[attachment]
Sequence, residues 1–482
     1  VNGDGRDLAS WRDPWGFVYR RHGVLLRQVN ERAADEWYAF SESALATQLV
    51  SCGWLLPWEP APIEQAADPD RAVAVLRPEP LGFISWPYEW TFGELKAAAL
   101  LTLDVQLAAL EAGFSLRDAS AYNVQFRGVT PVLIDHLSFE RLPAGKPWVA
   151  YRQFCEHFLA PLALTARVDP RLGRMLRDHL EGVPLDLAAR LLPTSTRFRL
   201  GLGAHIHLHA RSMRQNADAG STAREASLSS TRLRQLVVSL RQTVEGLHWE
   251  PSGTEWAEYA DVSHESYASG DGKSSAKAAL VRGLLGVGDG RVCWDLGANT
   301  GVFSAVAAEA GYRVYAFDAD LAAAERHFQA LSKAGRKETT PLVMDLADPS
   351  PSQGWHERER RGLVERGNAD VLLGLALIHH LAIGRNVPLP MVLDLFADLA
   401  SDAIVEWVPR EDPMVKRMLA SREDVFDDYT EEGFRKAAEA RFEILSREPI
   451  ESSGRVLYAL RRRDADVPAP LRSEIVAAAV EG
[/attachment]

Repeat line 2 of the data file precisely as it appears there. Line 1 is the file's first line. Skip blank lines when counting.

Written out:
     1  VNGDGRDLAS WRDPWGFVYR RHGVLLRQVN ERAADEWYAF SESALATQLV